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The Ultimate Guide to Marketing Trends in 2019

by Aug 29, 2019Marketing

Marketing moves at the speed of light …, at least it feels that way when you’re brainstorming a new campaign or strategy, and all of a sudden, a new statistic or technology release changes everything.

Check out this guide created by HubSpot experts discussing the marketing trends of 2019.

Why use marketing trends?

If a certain marketing strategy or approach has consistently worked for your business, why change it?

Well, just because something works now doesn’t mean it’ll work again in the future. You have to be one step ahead, or at least keep up with the emerging trends, that will impact your marketing success the next time around. So, other than keeping up with developments in the industry, why should your business care about marketing trends?

Marketing trends allow you to…

  • Keep up with the way your consumers shop and research your products and services (and those of your competitors’)
  • Stay up to date with changes in consumer behavior and priorities
  • Ensure you’re ahead of the curve in terms of knowing who your target audience is and what they need from your business
  • Listen and respond to changes in the market to help you save money
  • Stay relevant in your target marketplace and among your competitors (now and in the long run)

1. General marketing trends

General marketing trends can be applied to virtually any type of company, no matter the size or industry. These trends will help you effectively reach your target audience and convert more prospects through your business’s marketing content.

Two common trends today include inbound marketing and the process of using your customers as marketers (and promoters).

Use inbound marketing to reach more audience members organically.

As disruptive, outbound marketing tactics that interrupt audience members from whatever it is they’re doing become less effective in reaching prospects and leads, inbound marketing has come to the forefront of effective tactics.

The process of inbound marketing requires you to product quality, valuable content tailored towards your target audience and buyer personas and their needs.

Turn your customers into your biggest advocates and promoters.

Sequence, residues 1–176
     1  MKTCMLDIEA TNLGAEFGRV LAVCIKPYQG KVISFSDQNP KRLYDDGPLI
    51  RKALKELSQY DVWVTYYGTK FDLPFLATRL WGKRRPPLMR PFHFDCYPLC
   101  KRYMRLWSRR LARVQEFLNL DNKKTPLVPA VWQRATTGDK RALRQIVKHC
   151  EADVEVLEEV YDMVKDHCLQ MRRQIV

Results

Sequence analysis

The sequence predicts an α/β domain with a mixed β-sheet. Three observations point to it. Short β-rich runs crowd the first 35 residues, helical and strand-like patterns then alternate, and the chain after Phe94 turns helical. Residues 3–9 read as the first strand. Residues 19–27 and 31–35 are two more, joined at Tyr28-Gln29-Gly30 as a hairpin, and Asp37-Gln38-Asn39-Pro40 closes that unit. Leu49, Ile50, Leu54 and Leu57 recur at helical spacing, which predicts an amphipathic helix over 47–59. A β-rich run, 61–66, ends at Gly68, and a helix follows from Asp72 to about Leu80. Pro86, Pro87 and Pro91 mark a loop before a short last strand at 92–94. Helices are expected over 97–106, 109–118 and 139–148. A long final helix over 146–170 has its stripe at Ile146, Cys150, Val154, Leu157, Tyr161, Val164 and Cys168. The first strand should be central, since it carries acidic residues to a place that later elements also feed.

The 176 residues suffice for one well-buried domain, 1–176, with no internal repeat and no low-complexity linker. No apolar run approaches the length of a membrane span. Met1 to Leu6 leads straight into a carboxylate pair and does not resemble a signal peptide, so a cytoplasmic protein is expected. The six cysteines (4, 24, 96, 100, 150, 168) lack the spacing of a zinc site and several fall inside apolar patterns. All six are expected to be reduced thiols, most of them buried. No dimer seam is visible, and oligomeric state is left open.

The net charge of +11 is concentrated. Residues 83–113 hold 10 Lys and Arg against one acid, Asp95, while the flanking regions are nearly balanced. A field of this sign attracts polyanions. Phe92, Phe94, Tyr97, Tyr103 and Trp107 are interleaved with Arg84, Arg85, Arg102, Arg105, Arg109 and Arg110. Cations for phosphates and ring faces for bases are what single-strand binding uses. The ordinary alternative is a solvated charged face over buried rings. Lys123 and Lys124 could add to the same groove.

The marketing funnel is old news. Today, the flywheel — and a subsequent focus on service — have replaced the one-way direction of the funnel.

In the world of the marketing funnel, customers were an afterthought. Once they became a paying customer, businesses considered them obsolete — until, of course, it was time re-sign that contract.

The flywheel, on the other hand, places the customer in the center. Since word-of-mouth marketing is the single most powerful marketing tactic, it’s wise to not only serve your customers but also equip them to become advocates for and promoters of your brand. The flywheel illustrates this process: excellent service as its own marketing strategy.

By keeping the flywheel at the center of your marketing efforts, placing a heavy emphasis on customer service and training to equip your customer service team with the tools to handle requests and issues, you’ll delight and empower your customers. This will lead to customers who can market for you — they can promote and advocate for your business via their networks both online and in-person.

2. Content Marketing Trends

All types of business in a variety of industries are focusing on content marketing — publishing blogs, investing in resources to produce unique content, and paying for content-related ads.

So, why should you also care about the current content marketing trends? Because 47% of buyers view three to five pieces of content prior to engaging with a sales rep, and 70% of people say they’d rather learn about new products through content over traditional advertising.

To ensure your content marketing efforts are as effective and accessible as possible, pay attention to the type of content that resonates most with your buyer personas, target audience, and current customers.

Create and share video content to connect with and engage your audience.

Video marketing isn’t a new idea, but its effectiveness and popularity have definitely skyrocketed in recent years. 83% of marketers now say that video gives them a good ROI and more than 50% of consumers say they want to see video content more than any other type of content from brands.

Alicia Collins and Megan Conley, video producers and editors at HubSpot, weigh in: “This [consumer behavior] also indicates that video can be used throughout all parts of the flywheel — not just as an asset for marketing. When incorporating video, businesses have historically used it as a means of introducing their brand and product or service offerings. But that’s not the case anymore. Video can be a valuable addition to both sales and customer service efforts.”